Commentary

These banners really should be banned

Originally Published: March 1, 2010
By Patrick Hruby | Page 2

Mystics 2002 WNBA Attendance ChampsMitchell Layton/NBAE/Getty Images

There it hangs, unspooling from the dark, metal rafters of the Verizon Center in downtown Washington, D.C., as inspiring as ratty undergarments pinned to a long-forgotten laundry line. The banner is trimmed in orange and blue. It sports the wavy, telephone psychic-inspired logo of the Washington Mystics. In large block letters, it reads: "2002 WNBA ATTENDANCE CHAMPIONS." For good measure, there's another that reads "2003 WNBA ATTENDANCE CHAMPIONS."

The Lincoln Memorial it ain't.

[+] EnlargeWashington Mystics
Mitchell Layton/NBAE/Getty Images

A Michael Jordan statue outside Chicago's United Center. The New York Yankees' Monument Park. The sports world is rife with totems celebrating athletic excellence, such as the 17 Boston Celtics championship standards displayed at Boston's TD Garden. Then there's the other stuff, such as the "Colorado Rockies 1995 Wild Card Champions" mural that used to adorn the Coors Field outfield wall and the "OAKLAND RAIDERS WORLD CHAMPIONS" flag that still flies at Oakland-Alameda County Coliseum. Never mind that: (A) the Raiders last won a Super Bowl 26 years ago; (B) the team was based in Los Angeles at the time. There are also the Mystics' attendance gonfalons, which we submit as the most ridiculous celebratory items displayed in any North American sports venue -- nay, the lamest sports banners on the planet.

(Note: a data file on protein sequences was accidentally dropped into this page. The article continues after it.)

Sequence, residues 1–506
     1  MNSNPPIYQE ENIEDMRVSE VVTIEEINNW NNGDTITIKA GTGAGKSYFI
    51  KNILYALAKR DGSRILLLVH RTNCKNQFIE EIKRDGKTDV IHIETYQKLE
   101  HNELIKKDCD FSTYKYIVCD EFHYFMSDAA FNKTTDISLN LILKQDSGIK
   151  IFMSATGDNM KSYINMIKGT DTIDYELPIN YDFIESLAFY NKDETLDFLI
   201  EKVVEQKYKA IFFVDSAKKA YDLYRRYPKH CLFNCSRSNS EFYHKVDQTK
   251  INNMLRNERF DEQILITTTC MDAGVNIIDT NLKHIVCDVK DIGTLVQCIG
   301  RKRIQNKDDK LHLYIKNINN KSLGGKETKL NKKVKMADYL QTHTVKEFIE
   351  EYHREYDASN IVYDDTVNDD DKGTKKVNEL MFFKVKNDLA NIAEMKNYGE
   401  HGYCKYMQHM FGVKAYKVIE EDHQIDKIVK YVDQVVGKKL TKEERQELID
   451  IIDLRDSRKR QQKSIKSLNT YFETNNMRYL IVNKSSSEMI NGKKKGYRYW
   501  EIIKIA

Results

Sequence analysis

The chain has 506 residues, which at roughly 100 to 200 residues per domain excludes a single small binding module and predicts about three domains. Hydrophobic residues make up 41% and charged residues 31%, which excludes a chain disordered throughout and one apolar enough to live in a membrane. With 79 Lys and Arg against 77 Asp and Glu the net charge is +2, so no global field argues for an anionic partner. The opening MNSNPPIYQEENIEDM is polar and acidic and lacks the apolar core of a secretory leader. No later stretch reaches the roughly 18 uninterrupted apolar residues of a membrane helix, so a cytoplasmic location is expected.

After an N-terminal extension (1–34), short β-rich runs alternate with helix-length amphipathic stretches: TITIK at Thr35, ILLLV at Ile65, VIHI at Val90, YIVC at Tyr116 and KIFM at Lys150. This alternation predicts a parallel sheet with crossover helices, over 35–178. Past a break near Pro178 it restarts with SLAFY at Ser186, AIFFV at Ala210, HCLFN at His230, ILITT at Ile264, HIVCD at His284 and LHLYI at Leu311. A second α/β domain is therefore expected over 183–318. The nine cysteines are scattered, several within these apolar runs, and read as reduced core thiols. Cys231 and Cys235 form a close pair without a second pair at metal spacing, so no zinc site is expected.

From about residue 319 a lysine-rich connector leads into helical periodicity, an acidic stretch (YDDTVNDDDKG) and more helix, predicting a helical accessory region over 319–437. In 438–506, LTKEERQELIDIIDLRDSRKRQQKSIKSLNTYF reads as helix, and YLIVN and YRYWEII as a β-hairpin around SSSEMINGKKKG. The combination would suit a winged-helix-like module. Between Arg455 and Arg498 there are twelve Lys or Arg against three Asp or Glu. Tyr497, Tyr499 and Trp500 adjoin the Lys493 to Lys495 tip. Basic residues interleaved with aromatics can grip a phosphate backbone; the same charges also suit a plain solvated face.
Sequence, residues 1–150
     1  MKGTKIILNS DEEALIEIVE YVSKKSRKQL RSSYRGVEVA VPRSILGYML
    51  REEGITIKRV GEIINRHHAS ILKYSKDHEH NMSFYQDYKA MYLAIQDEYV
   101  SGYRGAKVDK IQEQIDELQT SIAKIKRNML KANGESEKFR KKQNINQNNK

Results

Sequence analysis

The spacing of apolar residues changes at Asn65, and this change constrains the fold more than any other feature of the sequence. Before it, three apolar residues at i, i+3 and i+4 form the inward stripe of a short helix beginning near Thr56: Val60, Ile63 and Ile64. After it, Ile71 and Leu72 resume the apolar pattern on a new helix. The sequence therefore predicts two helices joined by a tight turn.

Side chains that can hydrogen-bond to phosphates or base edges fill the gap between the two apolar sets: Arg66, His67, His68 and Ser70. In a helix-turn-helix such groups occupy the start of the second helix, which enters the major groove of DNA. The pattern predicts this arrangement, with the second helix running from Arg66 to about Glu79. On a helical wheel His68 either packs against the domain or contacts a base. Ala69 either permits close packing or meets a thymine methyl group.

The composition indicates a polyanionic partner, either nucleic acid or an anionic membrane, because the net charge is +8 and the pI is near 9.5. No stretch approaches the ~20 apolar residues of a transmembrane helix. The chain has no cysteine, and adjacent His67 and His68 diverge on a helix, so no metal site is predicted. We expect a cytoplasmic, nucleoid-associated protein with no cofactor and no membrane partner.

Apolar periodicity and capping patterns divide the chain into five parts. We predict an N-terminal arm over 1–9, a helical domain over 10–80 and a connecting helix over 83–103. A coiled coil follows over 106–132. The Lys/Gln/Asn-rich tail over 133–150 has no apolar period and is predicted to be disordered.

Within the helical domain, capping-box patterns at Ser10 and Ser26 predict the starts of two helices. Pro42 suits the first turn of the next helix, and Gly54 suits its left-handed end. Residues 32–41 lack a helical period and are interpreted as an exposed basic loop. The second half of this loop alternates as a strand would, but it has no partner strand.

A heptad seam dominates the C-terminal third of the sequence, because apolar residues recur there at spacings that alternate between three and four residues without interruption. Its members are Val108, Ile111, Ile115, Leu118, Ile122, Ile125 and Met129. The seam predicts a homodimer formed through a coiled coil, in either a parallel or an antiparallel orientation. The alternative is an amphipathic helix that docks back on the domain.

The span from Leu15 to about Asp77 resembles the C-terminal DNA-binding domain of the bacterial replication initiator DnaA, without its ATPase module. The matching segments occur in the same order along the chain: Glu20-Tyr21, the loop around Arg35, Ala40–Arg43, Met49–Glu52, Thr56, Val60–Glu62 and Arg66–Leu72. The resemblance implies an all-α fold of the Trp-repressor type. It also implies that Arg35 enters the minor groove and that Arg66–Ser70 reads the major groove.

Well, probably.

Maybe.

Unless there's something lamer.

Here's where you come in: Page 2 is looking for the lamest banners in sports, and we want your nominees. The ground rules? No homemade banners. No fan stuff. The flags have to be sanctioned by a team or organization in some fashion. They have to be official, something raised for posterity, something put up out of pride -- no matter how ill-advised. As for what qualifies as lame? It's a lot like the Supreme Court's classic definition of obscenity. You know it when you see it.

(Speaking of which: We're offering a cash bounty the minor indignity of public recognition on Page 2 for anyone who can provide images of the aforementioned Raiders and Rockies banners, as well as the Miami Heat's retired No. 23 in honor of non-Heat player Michael Jordan. FYI.)

Ready to play? Upload your photos here. We'll choose and rate the winners -- note: term used loosely -- in a subsequent article.

In the meantime, check out the following lame banners, which we offer as an imagination-whetting public service:




RimRockersNelson Chenault/NBAE/Getty Images

Team: The Arkansas RimRockers

Location: Alltel Arena, North Little Rock, Ark.